STOCKHOLM (Reuters) - Sweden’s Financial Supervisory Authority (FSA) has contacted authorities in Luxembourg for information related to allegations that Nordea, the Nordic region’s biggest bank, helped some clients set up accounts in offshore tax havens.
The allegations against Nordea appeared in a leak of more than 11.5 million documents from the files of law firm Mossack Fonseca, based in Panama.
While setting up offshore accounts is not necessarily illegal it could be in breach of Swedish money laundering rules. Nordea was found to have breached such rules last year and was fined the maximum 50 million crowns ($6.1 mln) and handed a severe warning by the FSA.
“We take this extremely seriously,” said Christer Furustedt, head of the FSA department that oversees major Swedish banks.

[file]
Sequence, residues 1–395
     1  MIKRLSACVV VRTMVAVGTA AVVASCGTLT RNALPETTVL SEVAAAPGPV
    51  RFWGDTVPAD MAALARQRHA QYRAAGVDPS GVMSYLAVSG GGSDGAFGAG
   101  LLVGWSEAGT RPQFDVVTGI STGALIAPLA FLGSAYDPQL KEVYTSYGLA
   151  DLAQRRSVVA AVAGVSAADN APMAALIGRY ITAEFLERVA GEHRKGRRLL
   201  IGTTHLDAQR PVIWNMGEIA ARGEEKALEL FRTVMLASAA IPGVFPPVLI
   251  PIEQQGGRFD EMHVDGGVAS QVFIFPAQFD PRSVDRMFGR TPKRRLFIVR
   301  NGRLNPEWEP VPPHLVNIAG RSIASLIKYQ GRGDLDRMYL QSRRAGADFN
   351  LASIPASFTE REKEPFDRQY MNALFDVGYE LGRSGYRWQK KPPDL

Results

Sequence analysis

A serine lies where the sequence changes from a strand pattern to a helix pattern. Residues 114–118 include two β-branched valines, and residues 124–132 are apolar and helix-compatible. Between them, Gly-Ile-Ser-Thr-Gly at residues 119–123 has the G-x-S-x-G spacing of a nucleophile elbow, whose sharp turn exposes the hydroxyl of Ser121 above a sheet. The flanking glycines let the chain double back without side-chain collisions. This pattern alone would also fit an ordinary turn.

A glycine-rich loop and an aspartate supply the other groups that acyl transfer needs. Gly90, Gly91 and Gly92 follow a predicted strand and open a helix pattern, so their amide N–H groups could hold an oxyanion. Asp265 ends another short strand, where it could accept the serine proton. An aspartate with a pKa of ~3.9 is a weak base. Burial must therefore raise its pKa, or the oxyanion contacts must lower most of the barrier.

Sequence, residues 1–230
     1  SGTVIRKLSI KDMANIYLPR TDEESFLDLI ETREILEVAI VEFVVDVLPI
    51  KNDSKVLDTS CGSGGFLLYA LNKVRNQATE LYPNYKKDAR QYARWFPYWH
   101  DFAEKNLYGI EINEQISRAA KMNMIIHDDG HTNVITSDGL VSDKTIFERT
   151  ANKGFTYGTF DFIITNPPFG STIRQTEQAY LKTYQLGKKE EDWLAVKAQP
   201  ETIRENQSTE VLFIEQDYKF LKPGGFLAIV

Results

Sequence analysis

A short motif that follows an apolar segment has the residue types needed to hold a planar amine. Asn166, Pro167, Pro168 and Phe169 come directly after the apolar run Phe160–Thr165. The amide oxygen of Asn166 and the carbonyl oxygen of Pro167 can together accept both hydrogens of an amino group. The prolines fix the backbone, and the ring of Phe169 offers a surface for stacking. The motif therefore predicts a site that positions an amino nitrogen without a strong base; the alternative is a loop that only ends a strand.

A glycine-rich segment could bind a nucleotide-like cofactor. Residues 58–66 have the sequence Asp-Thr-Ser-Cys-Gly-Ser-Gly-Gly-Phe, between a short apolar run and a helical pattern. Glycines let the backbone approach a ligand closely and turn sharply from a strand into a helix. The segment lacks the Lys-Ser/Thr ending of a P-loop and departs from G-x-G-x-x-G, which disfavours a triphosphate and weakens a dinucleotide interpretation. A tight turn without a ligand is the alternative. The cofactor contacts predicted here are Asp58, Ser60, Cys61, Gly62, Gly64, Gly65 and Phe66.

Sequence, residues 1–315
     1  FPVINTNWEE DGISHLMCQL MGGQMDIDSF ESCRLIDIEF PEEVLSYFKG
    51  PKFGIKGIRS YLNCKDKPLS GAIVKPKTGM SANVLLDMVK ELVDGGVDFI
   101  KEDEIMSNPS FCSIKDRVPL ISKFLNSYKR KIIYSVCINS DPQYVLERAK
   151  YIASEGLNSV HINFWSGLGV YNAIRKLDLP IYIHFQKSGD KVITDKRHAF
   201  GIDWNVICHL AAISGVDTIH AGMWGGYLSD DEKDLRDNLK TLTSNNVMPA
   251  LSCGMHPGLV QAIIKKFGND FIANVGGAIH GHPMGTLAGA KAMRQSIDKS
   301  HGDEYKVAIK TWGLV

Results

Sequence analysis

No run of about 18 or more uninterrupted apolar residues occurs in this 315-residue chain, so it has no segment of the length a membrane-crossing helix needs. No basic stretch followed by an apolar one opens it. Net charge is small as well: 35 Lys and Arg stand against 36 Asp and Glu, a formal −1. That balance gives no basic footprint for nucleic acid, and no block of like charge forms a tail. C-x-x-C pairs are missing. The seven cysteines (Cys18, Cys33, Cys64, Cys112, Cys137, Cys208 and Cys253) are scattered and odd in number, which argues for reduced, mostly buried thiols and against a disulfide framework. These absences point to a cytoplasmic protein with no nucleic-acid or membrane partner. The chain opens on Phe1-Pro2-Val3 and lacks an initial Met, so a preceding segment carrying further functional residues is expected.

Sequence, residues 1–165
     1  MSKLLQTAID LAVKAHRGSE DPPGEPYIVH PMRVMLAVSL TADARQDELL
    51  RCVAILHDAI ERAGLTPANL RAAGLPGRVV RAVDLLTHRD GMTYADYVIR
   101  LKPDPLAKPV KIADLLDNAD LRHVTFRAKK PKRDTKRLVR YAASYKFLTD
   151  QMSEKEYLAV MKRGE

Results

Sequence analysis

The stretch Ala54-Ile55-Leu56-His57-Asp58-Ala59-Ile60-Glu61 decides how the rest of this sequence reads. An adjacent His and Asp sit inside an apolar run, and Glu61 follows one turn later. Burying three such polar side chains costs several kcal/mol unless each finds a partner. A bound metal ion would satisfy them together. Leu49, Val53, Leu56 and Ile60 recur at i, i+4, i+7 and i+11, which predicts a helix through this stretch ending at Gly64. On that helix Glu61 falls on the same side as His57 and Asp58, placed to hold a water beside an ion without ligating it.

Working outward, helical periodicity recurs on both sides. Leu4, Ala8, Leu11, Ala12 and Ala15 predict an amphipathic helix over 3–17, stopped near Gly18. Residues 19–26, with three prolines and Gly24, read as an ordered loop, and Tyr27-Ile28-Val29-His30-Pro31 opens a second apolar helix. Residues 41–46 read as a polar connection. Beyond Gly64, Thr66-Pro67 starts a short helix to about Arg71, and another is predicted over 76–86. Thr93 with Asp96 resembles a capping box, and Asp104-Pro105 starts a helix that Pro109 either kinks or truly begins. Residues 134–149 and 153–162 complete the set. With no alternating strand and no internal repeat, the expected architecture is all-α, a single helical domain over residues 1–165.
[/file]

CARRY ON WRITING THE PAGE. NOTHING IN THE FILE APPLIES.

“If the media reports are correct and they set up complicated structures to hide the actual beneficial owner then that is hardly in line with the rules,” he said.
Nordea said in a statement it would review all activities relating to offshore accounts in Luxembourg.
The bank said it strongly denounced tax evasion and had taken proactive measures since 2009 to ensure all customers’ holdings and income on their accounts were reported to the tax authorities.
“However, we regret that we didn’t have these procedures already earlier,” Nordea CEO Casper von Koskull said.
The FSA fined Nordea in May 2015 and said the bank had severe shortcomings in its approach to combating money laundering and that a case could even be made for revoking Nordea’s banking licence.
Reporting by Johan Ahlander and Simon Johnson; Editing by David Goodman and Susan Fenton
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